[External] : Re: ReversibleCollection proposal

Peter Levart peter.levart at gmail.com
Wed Apr 28 13:54:50 UTC 2021

On 4/28/21 7:19 AM, Stuart Marks wrote:
> On 4/27/21 9:17 AM, Anthony Vanelverdinghe wrote:
>> On Tuesday, April 27, 2021 11:25 CEST, Peter Levart 
>> <peter.levart at gmail.com> wrote:
>>> Now just some of my thoughts about the proposal:
>>> - SortedSet.addFirst/.addLast - I think an operation that would be used
>>> in situations like: "I know this element should always be greater than
>>> any existing element in the set and I will push it to the end which
>>> should also verify my assumption" is a perfectly valid operation. So
>>> those methods throwing IllegalStateException in case the invariant 
>>> can't
>>> be kept seem perfectly fine to me.
>> This was raised before and addressed by Stuart in [0]:
>> "An alternative as you suggest might be that 
>> SortedSet::addFirst/addLast could throw
>> something like IllegalStateException if the element is wrongly 
>> positioned.
>> (Deque::addFirst/addLast will throw ISE if the addition would exceed 
>> a capacity
>> restriction.) This seems error-prone, though, and it's easier to 
>> understand and
>> specify that these methods simply throw UOE unconditionally. If 
>> there's a good use
>> case for the alternative I'd be interested in hearing it though."
> Yes, to be clear, it was Stephen Coleborne who raised this previously 
> [1] and it's my response that's quoted above.
> Some further thoughts on this.
> This is an example where, depending on the current state of the 
> collection, the method might throw or it might succeed. This is useful 
> in concurrent collections (such as the capacity-restricted Deque 
> above), where the caller cannot check preconditions beforehand, 
> because they might be out of date by the time the operation is 
> attempted. In such cases the caller might not want to block, but 
> instead it might catch the exception and report an error to its caller 
> (or drop the request). Thus, calling the exception-throwing method is 
> appropriate.
> Something like SortedSet::addLast seems different, though. The state 
> is the *values* of the elements already in the collection. This is 
> something that can easily be checked, and probably should be checked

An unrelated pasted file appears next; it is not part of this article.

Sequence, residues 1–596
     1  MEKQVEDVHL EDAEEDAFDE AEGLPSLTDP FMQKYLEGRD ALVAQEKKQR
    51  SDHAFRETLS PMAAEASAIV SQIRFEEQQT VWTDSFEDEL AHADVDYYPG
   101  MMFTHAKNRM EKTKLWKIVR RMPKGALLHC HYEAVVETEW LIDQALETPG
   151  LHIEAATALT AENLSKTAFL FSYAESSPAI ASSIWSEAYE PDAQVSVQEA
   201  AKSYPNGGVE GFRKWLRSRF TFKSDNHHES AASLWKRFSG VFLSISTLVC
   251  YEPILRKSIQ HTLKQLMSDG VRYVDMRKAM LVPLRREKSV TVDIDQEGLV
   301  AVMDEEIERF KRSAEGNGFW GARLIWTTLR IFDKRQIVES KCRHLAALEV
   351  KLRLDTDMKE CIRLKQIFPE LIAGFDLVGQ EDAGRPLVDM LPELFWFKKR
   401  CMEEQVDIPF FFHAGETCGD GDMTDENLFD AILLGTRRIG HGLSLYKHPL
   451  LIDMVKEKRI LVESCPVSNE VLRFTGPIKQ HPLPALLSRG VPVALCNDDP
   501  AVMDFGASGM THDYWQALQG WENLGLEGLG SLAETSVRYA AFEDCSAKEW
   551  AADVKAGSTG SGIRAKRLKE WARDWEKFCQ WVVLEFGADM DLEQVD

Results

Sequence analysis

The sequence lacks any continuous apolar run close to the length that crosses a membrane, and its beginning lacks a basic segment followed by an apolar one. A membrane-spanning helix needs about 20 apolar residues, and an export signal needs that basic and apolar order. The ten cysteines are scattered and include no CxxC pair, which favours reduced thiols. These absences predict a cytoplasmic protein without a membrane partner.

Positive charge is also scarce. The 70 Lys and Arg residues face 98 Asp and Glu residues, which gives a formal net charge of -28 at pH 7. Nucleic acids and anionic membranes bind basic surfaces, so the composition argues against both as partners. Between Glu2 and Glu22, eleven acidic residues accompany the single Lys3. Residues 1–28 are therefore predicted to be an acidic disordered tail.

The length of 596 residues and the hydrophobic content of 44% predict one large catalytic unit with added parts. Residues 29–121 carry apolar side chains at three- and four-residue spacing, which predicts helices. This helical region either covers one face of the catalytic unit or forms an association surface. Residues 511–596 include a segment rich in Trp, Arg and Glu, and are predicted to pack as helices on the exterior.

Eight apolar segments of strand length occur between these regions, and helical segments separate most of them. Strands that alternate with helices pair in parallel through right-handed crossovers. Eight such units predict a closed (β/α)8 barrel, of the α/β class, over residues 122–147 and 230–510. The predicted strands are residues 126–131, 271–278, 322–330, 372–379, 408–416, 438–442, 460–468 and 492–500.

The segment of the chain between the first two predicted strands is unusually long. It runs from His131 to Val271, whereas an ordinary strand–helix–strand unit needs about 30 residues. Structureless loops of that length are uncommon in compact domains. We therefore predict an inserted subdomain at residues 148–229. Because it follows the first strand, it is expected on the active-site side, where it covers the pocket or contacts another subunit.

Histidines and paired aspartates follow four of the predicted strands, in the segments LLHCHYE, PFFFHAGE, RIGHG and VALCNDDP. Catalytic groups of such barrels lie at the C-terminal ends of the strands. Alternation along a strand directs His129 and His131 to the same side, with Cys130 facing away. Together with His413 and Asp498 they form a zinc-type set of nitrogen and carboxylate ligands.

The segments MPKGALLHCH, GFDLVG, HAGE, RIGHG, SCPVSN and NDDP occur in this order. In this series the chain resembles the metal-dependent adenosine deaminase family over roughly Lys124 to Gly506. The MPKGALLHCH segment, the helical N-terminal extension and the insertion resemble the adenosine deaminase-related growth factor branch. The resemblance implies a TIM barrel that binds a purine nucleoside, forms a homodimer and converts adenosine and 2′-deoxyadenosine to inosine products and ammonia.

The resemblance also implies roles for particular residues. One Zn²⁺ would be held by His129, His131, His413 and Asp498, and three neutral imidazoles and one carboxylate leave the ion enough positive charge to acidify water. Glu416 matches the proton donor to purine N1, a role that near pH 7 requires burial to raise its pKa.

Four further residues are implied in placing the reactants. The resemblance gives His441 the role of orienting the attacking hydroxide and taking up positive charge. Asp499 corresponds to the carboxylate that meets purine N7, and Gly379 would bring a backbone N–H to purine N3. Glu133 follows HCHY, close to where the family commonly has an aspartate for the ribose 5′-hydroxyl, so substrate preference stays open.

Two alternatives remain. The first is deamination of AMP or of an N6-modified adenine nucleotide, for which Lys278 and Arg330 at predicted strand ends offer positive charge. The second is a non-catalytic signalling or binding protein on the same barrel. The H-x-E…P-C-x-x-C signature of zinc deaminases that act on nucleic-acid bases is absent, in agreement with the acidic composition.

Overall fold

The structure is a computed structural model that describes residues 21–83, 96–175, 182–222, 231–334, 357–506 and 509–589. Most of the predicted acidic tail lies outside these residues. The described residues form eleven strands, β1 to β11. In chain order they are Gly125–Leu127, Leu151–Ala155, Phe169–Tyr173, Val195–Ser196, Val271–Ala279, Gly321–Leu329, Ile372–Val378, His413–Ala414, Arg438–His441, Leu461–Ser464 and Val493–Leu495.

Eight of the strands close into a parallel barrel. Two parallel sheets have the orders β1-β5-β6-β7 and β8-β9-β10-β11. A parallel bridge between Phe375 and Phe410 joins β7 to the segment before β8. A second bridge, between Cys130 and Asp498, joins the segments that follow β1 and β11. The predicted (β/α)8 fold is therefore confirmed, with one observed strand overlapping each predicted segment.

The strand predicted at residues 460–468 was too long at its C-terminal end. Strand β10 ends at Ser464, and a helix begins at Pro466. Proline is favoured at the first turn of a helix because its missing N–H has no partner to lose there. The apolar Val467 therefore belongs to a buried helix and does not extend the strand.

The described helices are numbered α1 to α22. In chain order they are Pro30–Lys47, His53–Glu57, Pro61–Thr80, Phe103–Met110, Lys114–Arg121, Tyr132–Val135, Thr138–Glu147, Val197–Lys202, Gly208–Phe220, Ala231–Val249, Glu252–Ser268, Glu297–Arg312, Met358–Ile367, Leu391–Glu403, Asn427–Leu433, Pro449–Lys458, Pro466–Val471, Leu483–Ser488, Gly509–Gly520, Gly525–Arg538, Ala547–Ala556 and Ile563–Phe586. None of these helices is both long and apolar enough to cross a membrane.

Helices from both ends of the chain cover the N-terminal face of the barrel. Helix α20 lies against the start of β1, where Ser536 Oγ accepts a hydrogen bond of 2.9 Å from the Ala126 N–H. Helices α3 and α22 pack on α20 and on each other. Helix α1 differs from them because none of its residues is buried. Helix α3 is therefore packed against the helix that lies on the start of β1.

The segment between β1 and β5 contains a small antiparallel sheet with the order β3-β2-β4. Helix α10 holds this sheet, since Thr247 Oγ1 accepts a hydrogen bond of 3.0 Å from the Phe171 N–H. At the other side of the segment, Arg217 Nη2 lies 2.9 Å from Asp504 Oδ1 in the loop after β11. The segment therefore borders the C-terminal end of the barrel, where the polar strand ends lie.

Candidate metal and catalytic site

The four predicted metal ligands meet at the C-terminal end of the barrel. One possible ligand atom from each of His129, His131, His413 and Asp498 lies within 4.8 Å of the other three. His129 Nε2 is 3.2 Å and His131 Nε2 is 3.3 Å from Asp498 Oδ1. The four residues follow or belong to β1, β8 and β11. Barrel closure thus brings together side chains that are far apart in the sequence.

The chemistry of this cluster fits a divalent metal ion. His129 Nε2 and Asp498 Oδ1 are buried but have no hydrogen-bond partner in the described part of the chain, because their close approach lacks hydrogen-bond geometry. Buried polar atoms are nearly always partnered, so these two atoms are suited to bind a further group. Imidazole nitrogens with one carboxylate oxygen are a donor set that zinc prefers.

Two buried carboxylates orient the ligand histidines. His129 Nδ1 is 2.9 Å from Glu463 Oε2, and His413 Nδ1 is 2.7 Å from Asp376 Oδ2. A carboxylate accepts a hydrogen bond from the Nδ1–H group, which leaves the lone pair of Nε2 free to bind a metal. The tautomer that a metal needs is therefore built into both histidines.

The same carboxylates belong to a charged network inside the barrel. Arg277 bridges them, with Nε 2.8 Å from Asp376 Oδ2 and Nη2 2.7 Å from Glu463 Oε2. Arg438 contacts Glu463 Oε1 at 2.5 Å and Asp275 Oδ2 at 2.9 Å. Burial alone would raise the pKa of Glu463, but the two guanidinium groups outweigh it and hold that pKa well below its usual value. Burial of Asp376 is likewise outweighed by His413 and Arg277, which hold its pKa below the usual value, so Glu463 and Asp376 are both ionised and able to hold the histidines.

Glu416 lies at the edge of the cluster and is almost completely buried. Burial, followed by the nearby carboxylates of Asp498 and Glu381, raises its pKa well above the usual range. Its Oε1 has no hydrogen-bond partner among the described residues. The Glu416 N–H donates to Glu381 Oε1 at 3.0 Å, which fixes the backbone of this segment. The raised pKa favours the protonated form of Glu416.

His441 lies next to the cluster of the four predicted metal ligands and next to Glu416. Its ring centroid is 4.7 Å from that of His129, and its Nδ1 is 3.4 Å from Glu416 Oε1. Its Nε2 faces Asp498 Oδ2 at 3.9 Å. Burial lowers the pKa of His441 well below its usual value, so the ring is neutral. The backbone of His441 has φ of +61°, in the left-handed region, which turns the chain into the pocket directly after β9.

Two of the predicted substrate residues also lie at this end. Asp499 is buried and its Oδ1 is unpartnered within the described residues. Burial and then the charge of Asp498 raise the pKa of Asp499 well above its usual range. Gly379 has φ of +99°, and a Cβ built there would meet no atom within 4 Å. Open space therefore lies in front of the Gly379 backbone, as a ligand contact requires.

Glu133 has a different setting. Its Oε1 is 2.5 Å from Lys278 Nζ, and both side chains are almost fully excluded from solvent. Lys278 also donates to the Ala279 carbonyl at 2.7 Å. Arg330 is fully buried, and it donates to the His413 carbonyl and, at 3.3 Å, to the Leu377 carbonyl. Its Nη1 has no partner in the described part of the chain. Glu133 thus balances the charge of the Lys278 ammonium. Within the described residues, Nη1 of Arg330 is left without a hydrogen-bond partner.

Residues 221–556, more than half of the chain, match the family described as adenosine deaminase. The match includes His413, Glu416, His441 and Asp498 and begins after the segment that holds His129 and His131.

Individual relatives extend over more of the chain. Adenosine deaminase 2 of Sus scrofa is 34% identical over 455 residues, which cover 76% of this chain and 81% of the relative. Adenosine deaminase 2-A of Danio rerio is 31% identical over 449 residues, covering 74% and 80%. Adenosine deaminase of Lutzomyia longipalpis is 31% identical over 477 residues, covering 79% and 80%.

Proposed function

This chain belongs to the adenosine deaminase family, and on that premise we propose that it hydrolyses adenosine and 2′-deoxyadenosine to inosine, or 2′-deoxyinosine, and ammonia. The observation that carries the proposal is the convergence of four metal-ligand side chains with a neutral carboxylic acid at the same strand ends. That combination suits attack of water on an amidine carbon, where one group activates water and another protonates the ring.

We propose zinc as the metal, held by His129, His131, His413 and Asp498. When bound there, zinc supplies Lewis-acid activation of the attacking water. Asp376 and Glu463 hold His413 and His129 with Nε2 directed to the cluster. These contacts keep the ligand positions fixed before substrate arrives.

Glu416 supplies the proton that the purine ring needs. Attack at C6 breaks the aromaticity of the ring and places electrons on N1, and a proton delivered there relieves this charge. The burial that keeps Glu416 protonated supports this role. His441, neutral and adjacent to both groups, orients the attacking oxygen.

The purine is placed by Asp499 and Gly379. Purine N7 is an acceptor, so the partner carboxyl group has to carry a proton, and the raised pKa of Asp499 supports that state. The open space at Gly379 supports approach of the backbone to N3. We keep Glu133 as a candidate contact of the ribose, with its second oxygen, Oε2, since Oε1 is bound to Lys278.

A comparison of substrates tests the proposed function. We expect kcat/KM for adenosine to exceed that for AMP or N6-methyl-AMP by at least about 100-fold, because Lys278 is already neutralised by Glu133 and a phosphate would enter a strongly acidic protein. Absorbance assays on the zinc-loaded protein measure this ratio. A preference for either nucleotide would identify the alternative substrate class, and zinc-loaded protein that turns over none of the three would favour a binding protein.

> beforehand:
>     if (sortedSet.isEmpty() || sortedSet.last().compareTo(e) <= 0)
>         sortedSet.add(e);
>     else
>         // e wouldn't be the last element, do something different

I was thinking more of a case where the else branch would actually throw 
IllegalStateException and do nothing else - a kind of add with 
precondition check. A precondition in the sense of 
Objects.requireNonNull(). I can't currently think of a real usecase now, 
so this kind of operation is probably very rare. Probably not useful 
since if you're adding to SortedSet, the order of elements added should 
not matter because SortedSet will sort them. If you just want to check 
the order of elements added and you are not willing to pay the price of 
SortedSet, you will be adding them to a List or LinkedHashSet, but then 
the method would not do the check...

> Now this is a fair bit of code, and it would be shorter just to call 
> sortedSet.addLast(e). But does that actually help? What if e is 
> already in the set and is the last element?

In that case the operation would be a no-op (or it would replace the 
element with the parameter - a slight difference as the element can be 
.equals() but not the same instance).

> Is catching an exception really what we want to do if e wouldn't be 
> the last element? Maybe we'd want to do nothing instead. If so, 
> catching an exception in order to do nothing is extra work.

I was only thinking of situations where propagating the exception would 
be the desired thing.

> Again, I'd like to hear about use cases for a conditionally-throwing 
> version of addLast et. al. I don't want to be limited by failure of 
> imagination, but it does seem like this kind of behavior would be 
> useful only in a narrow set of cases where it happens to do exactly 
> the right thing. Otherwise, it just gets in the way, and its behavior 
> is pretty obscure. So, color me skeptical.

Right, I don't know how common such operation would be. Probably not very.


which are a continual source of errors.)

> I'll think about this more, but it doesn't seem promising.
> s'marks

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